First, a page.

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Posted: Wed Nov 04, 2009 9:21 pm
After and lovely mild autumn we're swimming in mud this week. I,ve had to confine the pigs from the large field they're used to now the earth is soggy (terrible diggers), to their smaller area, feel really sorry for them. Hows everyone else doing? into winter quarters?
Posted: Thu Nov 05, 2009 1:03 am
Yes, very wet and the kunes are not that interested in the grass any more, preferring to bite chunks out of the haylage bales if they manage to get close enough.
I've just put some tamworth weaners out, and they refuse to leave the arc!
Posted: Thu Nov 05, 2009 6:35 am
mine are all out and fine still, eccept the old rescue pigs who are great big cross bred diggers so now confined to a barn abd rough bank.
had a coupl of visiting sows(or are they ploughs??) doing a bit of damage though and yes, we are in full winter mud
Posted: Thu Nov 05, 2009 8:46 am
We had a very dry summer here,the ground was like concrete, so still plenty of grass.But the last few days we have had heavy rain so my rescue boars have started rooting,the two of them have managed to ruin their one acre paddock in three days!
Posted: Thu Nov 05, 2009 3:43 pm
We've still got plenty of grass and not very wet. Ground is sandy and drains well. Pigs not known to root so all OK there.
Posted: Thu Nov 05, 2009 5:54 pm
I am on clay so it is very soggy!! My girls don't root very much but the boys have already started. It's worst where I throw their nuts so am now feeding them in their own bowls. This seems to be working at the moment as they haven't caused any more damage.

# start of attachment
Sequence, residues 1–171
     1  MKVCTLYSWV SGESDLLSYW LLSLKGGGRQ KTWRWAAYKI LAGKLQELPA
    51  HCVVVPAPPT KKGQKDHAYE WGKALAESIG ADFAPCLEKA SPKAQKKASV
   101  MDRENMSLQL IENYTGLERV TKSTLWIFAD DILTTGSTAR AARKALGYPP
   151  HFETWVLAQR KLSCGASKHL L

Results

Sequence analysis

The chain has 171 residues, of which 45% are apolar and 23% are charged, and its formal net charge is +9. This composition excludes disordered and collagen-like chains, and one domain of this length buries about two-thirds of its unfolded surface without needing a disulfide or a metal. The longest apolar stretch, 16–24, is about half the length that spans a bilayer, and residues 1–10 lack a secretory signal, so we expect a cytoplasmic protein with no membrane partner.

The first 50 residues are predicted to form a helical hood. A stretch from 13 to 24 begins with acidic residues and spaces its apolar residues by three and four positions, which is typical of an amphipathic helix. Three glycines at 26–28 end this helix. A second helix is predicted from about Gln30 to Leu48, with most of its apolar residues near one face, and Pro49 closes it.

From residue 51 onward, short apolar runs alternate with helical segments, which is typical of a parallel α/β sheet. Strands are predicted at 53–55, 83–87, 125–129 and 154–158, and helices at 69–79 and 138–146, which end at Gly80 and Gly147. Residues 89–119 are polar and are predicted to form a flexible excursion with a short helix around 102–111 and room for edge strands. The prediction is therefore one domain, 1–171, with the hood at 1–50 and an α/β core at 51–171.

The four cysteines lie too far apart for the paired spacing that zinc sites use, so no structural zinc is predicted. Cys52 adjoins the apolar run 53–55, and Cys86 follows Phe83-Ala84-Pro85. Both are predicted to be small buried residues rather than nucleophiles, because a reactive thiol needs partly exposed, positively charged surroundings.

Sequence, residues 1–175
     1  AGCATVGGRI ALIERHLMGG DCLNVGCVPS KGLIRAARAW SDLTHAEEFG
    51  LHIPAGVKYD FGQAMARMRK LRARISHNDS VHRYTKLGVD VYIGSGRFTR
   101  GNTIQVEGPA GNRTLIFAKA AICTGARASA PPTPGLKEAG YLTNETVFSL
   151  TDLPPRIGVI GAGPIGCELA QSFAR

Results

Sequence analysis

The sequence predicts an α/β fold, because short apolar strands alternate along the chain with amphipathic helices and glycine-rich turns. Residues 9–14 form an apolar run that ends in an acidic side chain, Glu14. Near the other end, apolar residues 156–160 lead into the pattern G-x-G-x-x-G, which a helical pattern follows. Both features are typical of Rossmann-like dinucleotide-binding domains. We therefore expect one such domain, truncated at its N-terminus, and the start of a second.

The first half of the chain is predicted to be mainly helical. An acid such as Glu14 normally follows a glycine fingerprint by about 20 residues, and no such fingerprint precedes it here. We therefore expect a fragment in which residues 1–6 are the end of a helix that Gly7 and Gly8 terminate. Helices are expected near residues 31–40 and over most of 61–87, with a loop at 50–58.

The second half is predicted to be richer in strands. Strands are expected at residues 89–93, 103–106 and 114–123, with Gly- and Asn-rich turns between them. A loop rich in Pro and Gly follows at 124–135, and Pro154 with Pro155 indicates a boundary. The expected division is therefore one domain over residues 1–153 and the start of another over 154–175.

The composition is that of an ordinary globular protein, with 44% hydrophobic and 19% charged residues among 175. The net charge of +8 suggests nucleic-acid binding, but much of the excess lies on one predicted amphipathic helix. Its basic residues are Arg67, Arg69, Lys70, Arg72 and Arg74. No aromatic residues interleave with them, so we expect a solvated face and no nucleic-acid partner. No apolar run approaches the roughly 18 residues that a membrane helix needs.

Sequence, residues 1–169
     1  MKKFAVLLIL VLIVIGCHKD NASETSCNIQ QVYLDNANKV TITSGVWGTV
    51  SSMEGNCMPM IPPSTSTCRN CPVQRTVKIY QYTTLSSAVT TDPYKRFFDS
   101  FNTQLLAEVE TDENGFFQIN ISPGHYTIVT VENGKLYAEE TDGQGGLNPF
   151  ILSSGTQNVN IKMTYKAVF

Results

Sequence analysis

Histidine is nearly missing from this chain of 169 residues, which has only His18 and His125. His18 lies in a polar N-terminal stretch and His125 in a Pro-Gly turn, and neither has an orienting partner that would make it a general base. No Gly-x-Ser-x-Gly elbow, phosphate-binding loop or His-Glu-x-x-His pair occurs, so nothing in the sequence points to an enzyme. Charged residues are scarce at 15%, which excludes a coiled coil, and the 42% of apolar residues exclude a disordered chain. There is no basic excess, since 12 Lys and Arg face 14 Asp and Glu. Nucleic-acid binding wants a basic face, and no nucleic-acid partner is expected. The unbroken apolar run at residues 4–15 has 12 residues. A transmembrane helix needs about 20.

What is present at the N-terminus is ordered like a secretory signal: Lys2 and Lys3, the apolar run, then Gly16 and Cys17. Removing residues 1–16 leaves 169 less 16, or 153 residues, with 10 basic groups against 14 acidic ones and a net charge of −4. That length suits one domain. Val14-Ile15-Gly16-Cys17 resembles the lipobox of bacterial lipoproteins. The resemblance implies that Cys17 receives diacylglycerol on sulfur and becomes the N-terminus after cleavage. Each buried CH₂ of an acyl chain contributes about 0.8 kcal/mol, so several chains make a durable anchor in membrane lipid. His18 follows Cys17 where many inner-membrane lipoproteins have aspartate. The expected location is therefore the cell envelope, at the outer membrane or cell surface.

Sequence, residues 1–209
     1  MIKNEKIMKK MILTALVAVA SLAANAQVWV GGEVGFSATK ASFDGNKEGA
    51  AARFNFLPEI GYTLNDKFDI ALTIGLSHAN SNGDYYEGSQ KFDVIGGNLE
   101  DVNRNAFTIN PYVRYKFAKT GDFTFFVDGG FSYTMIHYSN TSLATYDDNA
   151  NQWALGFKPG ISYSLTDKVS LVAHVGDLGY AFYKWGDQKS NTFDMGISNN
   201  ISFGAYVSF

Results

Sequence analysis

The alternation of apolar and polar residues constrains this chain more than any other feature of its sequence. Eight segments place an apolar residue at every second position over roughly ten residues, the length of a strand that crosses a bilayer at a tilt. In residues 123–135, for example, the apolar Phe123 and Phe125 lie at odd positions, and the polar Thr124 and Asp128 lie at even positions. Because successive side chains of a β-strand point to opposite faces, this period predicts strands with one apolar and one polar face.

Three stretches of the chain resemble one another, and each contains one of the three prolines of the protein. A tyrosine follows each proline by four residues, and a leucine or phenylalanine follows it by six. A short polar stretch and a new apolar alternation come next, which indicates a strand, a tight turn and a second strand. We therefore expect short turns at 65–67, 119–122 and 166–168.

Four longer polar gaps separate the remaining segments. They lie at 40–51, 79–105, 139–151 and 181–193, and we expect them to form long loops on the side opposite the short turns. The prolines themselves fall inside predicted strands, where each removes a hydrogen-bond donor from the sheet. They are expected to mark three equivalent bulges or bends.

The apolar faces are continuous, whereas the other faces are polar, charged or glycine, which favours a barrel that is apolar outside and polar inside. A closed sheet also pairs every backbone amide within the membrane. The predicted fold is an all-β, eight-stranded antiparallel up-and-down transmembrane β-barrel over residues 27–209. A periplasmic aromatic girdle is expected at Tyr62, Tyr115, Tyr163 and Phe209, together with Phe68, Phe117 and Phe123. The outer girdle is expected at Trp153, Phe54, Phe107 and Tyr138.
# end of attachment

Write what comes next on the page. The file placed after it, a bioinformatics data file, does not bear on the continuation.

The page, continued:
Posted: Thu Nov 05, 2009 9:28 pm
Soaking in suffolk
. Ground looking like the somme. KKs not daring to venture out!! They wait for me to make it across to them, looking from inside their house, I hasten to add, yelling at me if I am not quick enough!!
Posted: Sat Nov 07, 2009 9:33 am
Reasuring to know we're not suffering alone! With all the mud about and the pigs feet being mostly damp I was wondering if foot rot was a common problem? I know when sheep are on puddly ground they tend to have more problems with it.
Posted: Sat Nov 07, 2009 3:05 pm
no, pigs don't suffer from it - one more good reason to keep pigs instead of sheep
Posted: Mon Nov 09, 2009 10:18 pm
Not very wet here in north Shropshire and still a good covering of grass, but my pair do root during winter although so far haven't managed to totally destroy their paddock over two winters (about an acre and a half). The trenches make for quite an exciting harrowing/rolling session in spring! They are telling me they are hungry though, so I expect I will be off for their winter pignut rations soon ...
Posted: Tue Nov 10, 2009 10:22 pm
I'm in north shropshire too Polly and I never have any problems whatsoever the gorund stays the same all year round, no rooting, no mud, no problems at all, guess we are the lucky ones
Posted: Sat Nov 14, 2009 10:04 am
The Colonel says 'ROOTING NO I DIDNT DO IT' what do you think?
http://i948.photobucket.com/albums/ad32 ... me0001.jpg
Posted: Sat Nov 14, 2009 11:41 am
Oh he beautiful
My 3 have dug up the whole of their paddock, its so bad I have had to put some paving slabs down to feed them on. Not sure whether to move them (they are in an electric fenced area) or not really, they will wreck all my fields if I keep moving them! This is my first winter with kunekune's and to be honest I could cry when I see the mess they have made, my sheep and donkeys and ponies don't make half the mess of 3 little pigs!
Posted: Sat Nov 14, 2009 11:43 am
/Oh! i think he's telling Porkies!
he is soooo beautiful Darrell
Posted: Sat Nov 14, 2009 8:36 pm
The Colonel is gorgeous.
What a brilliant picture. After digging up the field, The Colonel remembered he had left his keys in his shed after all. "Diggin, who me?..."